The Minneapolis Fox affiliate has posted a story, which if entirely accurate, raises disturbing questions about the Damond investigation. As regular readers know, the search warrants the BCA served hours after Damond’s death were indicative of an illegal fishing expedition, a crude and particularly odious attempt to find something, anything, to discredit Damond. According to the return of that warrant, the attempt utterly failed. Because the public has no access to the police reports of the investigation, it’s impossible to know if that was an aberration, or an indication of a lack of ethics and competence of the overall investigation. Fox 9’s report suggests things may be worse that I initially imagined:
Nearly five months after a Minneapolis police officer shot and killed Justine Damond, investigators have yet to interview the officers who responded to the scene in the immediate aftermath, the Fox 9 Investigators have learned.
As I’ve previously noted, the BCA (Bureau of Criminal Apprehension) was reported to have completed its investigation, and in September, gave the results to local prosecutor Mike Freeman. If this latest report is accurate, it would indicate the BCA considered they had done all investigative work necessary for Freeman to make a charging decision. It’s always possible something may come up—a new witness appears, the statement of a witness changes, a new piece of evidence is discovered, etc.—that requires some degree of follow up investigation, but in a police-involved shooting, investigators are normally very careful to make no mistakes and to be as thorough as humanly possible.
According to multiple sources, the Hennepin County Attorney’s Office is now asking its own investigators, five sworn Hennepin County Sheriff’s detectives, to join BCA investigators in seeking voluntary interviews with the Minneapolis police officers who responded to the scene.
Several of the officers are now seeking legal counsel before agreeing to an interview.
Every professional police investigator reading that surely said “what the hell…?” This will help explain:
After the shooting, the responding Minneapolis police officers submitted detailed written reports, and some had activated their body cameras at the scene, but they were not interviewed by BCA agents. A spokesperson for the BCA would not explain why the officers were not interviewed, because it is an active criminal investigation.
All police officers involved in any incident are required to write a report about their involvement. If an officer, for example, did nothing more than direct traffic, no report would be necessary, but pretty much anything else does. This is particularly true of an incident as important as an officer involved shooting.
What’s bizarre about this report—again, if it is entirely accurate—is that the BCA apparently did not interview these officers before submitting their report to Freeman. That’s basic criminology 101. Equally bizarre is the assertion that these officers, apparently not directly responsible for the investigation, are “seeking legal counsel before agreeing to an interview.”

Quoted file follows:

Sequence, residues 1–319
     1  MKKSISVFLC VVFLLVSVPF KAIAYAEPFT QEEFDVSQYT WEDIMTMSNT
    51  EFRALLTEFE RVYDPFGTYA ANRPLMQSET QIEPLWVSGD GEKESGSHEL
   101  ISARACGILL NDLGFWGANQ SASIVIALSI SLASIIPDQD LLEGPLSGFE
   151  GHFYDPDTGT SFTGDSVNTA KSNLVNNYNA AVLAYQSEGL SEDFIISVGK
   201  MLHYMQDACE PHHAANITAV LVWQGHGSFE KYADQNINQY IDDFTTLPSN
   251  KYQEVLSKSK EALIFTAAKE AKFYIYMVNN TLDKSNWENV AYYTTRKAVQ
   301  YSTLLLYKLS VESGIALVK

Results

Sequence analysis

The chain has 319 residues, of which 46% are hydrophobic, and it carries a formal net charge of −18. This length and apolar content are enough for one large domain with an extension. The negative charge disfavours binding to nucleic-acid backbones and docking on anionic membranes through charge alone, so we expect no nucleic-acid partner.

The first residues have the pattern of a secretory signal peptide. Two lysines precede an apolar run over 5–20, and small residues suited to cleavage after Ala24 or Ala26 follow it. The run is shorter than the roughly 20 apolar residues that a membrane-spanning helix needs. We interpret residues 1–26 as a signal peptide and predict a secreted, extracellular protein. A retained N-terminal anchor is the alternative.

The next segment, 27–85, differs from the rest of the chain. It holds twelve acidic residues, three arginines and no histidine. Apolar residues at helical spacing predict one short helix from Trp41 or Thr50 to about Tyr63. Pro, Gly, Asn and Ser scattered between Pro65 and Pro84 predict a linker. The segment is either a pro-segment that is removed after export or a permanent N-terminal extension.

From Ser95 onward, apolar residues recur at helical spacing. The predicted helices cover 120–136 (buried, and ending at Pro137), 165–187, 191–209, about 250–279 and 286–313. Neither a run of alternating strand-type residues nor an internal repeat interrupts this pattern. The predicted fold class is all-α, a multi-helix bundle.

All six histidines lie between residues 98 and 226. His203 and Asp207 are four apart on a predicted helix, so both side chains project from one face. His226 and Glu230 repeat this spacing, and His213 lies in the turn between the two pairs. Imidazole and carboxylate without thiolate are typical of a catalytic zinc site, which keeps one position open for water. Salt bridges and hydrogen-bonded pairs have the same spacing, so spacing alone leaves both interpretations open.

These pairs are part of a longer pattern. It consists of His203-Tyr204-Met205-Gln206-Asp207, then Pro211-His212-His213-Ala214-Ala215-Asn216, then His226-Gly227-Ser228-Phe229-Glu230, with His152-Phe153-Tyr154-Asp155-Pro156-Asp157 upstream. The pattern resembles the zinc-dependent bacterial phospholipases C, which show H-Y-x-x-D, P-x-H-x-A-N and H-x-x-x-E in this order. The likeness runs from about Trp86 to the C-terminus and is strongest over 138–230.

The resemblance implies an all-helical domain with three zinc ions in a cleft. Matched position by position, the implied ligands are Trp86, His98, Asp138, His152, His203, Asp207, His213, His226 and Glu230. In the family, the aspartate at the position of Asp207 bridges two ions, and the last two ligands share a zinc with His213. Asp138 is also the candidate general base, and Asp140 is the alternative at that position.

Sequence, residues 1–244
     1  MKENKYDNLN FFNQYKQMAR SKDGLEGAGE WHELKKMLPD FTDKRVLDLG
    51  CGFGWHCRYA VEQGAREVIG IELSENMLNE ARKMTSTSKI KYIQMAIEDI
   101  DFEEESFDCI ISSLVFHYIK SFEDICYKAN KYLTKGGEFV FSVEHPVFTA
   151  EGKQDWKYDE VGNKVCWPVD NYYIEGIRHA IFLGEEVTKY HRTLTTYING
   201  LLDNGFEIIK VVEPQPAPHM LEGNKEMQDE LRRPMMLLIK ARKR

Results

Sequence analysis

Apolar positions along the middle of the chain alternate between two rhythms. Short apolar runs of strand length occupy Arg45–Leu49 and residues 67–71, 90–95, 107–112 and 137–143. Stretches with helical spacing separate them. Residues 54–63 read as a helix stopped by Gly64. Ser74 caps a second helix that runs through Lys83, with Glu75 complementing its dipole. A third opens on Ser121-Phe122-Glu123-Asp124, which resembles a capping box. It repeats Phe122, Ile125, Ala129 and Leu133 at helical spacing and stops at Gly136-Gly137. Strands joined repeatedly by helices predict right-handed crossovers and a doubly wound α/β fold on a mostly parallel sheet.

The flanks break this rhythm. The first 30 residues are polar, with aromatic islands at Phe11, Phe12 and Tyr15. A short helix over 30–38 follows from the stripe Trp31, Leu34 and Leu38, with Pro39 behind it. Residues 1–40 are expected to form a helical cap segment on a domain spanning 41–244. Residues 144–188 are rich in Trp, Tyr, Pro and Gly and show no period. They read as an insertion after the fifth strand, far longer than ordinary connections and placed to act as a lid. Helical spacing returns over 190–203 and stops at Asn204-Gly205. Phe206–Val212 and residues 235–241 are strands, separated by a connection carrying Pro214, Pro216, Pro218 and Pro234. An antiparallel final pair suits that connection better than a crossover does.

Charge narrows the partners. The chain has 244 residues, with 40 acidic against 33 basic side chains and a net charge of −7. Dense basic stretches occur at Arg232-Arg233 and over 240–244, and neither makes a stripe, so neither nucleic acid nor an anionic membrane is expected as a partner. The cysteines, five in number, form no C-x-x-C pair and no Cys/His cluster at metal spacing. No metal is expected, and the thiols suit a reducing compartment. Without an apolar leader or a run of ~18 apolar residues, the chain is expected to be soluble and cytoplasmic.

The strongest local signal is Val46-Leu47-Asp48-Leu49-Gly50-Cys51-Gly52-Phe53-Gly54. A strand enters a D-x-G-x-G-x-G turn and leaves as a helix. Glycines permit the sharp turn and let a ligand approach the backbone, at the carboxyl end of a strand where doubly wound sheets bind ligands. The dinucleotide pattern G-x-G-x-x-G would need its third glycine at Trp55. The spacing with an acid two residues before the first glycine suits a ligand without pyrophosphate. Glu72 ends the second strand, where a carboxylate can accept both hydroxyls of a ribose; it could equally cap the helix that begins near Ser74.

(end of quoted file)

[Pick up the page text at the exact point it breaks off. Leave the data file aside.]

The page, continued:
Police officers retain their right against self-incrimination. They can refuse to be interviewed, and/or invoke the Fifth Amendment, but there are several related issues, all stemming from the 1967 Supreme Court decision, Garrity v. New Jersey. Police agencies can require their officers to write complete reports about their official activities; it’s what we expect them to do on our behalf. They can also require they submit to interviews about what they’ve seen and done. However, if the officers write reports and submit to interviews, anything they say cannot be used against them in a criminal trial. The related issue is if an officer refuses to do his duty, if he refuses to write a report or submit to an interview, or if during an interview he takes the Fifth, he may be disciplined, even fired. The Fifth Amendment protection refers to criminal prosecution, not employment.
The best available information indicates MPD Officer Matthew Harrity, who was driving the police vehicle, and across whose body Officer Muhamed Noor fired to shoot and kill Justine Damond, cooperated with the investigation and was comprehensively interviewed by the BCA. We don’t know how many interviews he gave or their dates and circumstances, but there is no reason—at the moment—to think he did not fully cooperate, as any innocent police officer must. Noor apparently immediately lawyered up. Two more odd bits of information:
But in this case, Hennepin County prosecutors want their own detectives present during the interviews and participants in the follow-up investigation.
A spokesperson for the BCA said the deputies are assisting with interviews the BCA is conducting.
Any competent investigator would immediately review all police reports. Normally, it would not be necessary to interview officers, particularly those that had a peripheral role; their reports would provide all necessary information. However, it’s not unusual for investigators to speak with officers if they need to clarify something, or think an officer might have omitted something that didn’t seem important at the time, but later takes on greater importance. But all of this would be done in the days immediately following the event, particularly with an officer-involved shooting.
And why would MPD officers lawyer up? There are three primary reasons, and all might be related. Any officer facing potential criminal charges would be wise indeed not to say or write a word without counsel. Any officer that suspects a civil suit might be filed should also seek counsel. The third possibility is the officers don’t trust their superiors—and this would include prosecutors–who might be acting with political, rather than legal/professional, motivations. In any city ruled by Democrats, this is always a significant issue for police officers.
A related issue might be that MPD officers don’t trust the BCA, which is understandable, if their warrants in the Damond case, and the implications of this latest development, are reflective of their competence and apparent intentions. How any police supervisor—and here I speak of the BCA and the MPD—could possibly sign off on an investigation where every witness—particularly police officers—had not been completely interviewed, as necessary, is jaw-dropping. Did some supervisor suddenly notice no one thought to do necessary interviews of police officers some five months later? Ooops.